Wednesday, January 11, 2023

RPGs’ Band-Aid (R) Issue

 Band-Aid: A trademark for a type of adhesive bandage.”

The Associated Press Stylebook

When I mention I’ve written for roleplaying games to average folks unfamiliar with the adventure gaming hobby (often called “mundanes” in fandom parlance) the inevitable reply almost always amounts to, “Oh, D&D.” Recent discussions about Hasbro/Wizards of the Coast drastically changing the Open Gaming License (with the advent of a new edition of Dungeons & Dragons) have noted we have many roleplaying games with various mechanics and settings, all of which have the potential to provide a satisfying game experience given the confluence of good gamemasters, players, and inspiration. It reminds me of the Band-Aid brand name falling into what some might consider a “generic trademark” usage in our society...yet many mundanes, and even some in the hobby community, use the specific brand name “D&D” when they mean roleplaying games. Words matter. I encourage people to get in the habit of using “roleplaying game,” “RPG,” and other equivalents when they don’t specifically mean D&D.

Yes, I am old enough
to remember when
Band-Aids came
in tins.
As a writer and editor I was taught only to use “Band-Aid” when referring to the specific brand. Using such phrases as “putting a Band-Aid on it” and “a Band-Aid solution” required brand capitalization lest I contribute to diluting the trademarked term in common language. “Adhesive bandage” was preferable when specifically referring to its first aid usage, though not as catchy in the instances mentioned above. Trademark holders defend their brands against competitors using that association for their own profit and common usage lest the trademark become generic. Writers and editors mind their language to respect the trademark brand; while most in publishing are tiny targets for Johnson & Johnson’s wrath, some of us had superiors who were severely careful not to disrespect the trademark.

D&D has quite the opposite issue as Band-Aid; no doubt its current corporate owners want D&D to remain synonymous with the concept of roleplaying games in the mind of the general public, though the company continues defending what it views as its intellectual property from those who claim compatibility with the D&D experience. Every time someone uses the specific name D&D” when they mean “roleplaying games” further cements the brand as the only perceived aspect of that hobby. This usage in a way implicitly denies the existence of other roleplaying games while further cementing D&D as the only roleplaying game in the minds of the public.

Our roleplaying game experiences have various associations: with particular game mechanics and settings; with different groups of friends as player/gamemaster participants; with our characters and expectations; and with our group crafting stories at the table. Our gaming has inspired us to create our own materials (in some cases to share with or sell to others), including original games and ones derived from established titles and developed along innovative paths. Since the confluence of wargaming and medieval fan activities birthed roleplaying games in the 1970s (as examined by Jon Peterson in his landmark history Playing at the World), numerous games have come and gone, with the form evolving and branching to embrace a host of different play styles, game mechanics, and presentations. Some of us have and still play D&D; some experienced the adventure gaming hobby without once playing D&D. While it might dominate the market, D&D is only one part of a vast and diverse roleplaying game hobby.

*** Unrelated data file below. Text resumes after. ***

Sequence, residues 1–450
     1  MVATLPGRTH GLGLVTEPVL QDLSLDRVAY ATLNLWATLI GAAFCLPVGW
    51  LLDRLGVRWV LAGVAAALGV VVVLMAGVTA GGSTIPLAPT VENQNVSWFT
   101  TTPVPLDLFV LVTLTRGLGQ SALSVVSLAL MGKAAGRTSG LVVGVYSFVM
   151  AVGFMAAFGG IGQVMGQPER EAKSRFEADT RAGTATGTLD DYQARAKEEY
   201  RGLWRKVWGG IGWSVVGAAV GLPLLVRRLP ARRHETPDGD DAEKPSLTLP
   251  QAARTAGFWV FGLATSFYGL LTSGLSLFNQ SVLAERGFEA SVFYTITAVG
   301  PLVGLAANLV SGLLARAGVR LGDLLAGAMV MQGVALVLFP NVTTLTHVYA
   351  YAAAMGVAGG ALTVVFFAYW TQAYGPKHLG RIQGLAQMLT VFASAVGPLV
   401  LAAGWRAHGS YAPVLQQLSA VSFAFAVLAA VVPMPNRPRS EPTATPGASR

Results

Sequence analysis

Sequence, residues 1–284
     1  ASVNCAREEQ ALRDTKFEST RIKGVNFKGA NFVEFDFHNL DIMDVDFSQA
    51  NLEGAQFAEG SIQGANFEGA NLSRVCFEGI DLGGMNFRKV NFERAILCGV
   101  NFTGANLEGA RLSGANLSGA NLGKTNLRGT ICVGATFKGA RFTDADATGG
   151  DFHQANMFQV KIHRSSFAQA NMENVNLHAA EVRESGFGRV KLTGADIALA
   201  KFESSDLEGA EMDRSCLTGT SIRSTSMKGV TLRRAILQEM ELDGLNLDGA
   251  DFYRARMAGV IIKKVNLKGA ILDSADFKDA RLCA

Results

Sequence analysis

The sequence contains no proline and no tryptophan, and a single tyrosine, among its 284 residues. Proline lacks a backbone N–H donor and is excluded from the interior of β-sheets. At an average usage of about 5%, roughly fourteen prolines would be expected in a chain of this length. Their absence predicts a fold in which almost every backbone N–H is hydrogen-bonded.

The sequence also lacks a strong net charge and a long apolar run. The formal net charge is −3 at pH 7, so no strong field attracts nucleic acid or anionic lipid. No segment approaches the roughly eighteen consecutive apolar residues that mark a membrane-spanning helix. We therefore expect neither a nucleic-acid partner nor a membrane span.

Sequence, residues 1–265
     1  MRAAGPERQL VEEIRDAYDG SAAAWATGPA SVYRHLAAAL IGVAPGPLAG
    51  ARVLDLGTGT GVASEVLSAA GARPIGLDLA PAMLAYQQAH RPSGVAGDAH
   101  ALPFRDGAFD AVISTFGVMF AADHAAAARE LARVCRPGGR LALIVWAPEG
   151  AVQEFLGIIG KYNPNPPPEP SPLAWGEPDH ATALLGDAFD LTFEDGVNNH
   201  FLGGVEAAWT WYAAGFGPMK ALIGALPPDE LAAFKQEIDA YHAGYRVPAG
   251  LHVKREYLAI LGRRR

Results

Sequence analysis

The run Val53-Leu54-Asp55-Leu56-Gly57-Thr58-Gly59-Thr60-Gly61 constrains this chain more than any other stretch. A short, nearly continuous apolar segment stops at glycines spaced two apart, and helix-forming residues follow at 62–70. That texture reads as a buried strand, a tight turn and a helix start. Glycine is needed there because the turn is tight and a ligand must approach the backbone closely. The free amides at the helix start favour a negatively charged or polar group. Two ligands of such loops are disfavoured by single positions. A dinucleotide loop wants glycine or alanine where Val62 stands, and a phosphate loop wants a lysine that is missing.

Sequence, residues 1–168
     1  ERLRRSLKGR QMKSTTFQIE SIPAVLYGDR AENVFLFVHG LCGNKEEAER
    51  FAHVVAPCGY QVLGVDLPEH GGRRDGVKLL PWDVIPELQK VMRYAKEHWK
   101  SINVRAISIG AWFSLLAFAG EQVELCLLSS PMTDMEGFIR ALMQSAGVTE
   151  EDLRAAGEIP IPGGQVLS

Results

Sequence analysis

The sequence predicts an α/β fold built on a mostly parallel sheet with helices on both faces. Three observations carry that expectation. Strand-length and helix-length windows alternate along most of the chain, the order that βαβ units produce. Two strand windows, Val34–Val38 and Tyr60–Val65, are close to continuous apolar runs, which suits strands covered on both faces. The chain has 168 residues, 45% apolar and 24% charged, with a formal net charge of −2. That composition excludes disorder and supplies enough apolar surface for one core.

(I will not debate the dominance of D&D in the roleplaying game market. Despite several solid competitors in its earliest days – I’m thinking of but not limiting myself to such pillars of the hobby as Traveller and Tunnels & Trolls – and a host of other popular games released since, it has garnered the majority market share of roleplaying games for most of its life [with the possible exception of Pathfinder during the life of fourth edition D&D]. The brand isn’t going away anytime soon. Though many upset by the Open Game License changes might hope otherwise.)

(All that said, I encourage everyone to explore other roleplaying game systems and settings. Just because D&D dominates the market doesn’t mean it’s a satisfying or perfect game for everyone all the time.)

A Band-Aid is an adhesive bandage, but not all adhesive bandages are Band-Aids. Although D&D is a roleplaying game, not all roleplaying games are D&D. D&D is just one brand in an ever-expanding universe of roleplaying game titles. Our language shapes our reality. It’s not easy resisting and correcting behaviors that have become cultural norms – especially relating to everyday language, since society views those who correct such errors as annoying pedagoguesbut progressive portions of our society have raised awareness and sensitivity to various language usage issues. It’s part of our evolution as individuals and a greater community. Let’s not limit our vision by invoking “D&Dto represent the hobby; let’s relegate our use (if we must) only when referring to the specific brand. As the adventure gaming hobby continues to grow I encourage everyone to refer to our vast pastime as “roleplaying games” or “RPGs” as a wider recognition of the volume and diversity of such games available today.

Whatever words we utter should be chosen with care for people will hear them and be influenced by them for good or ill.”


Caption: I am old enough to remember when Band-Aids came in tins.

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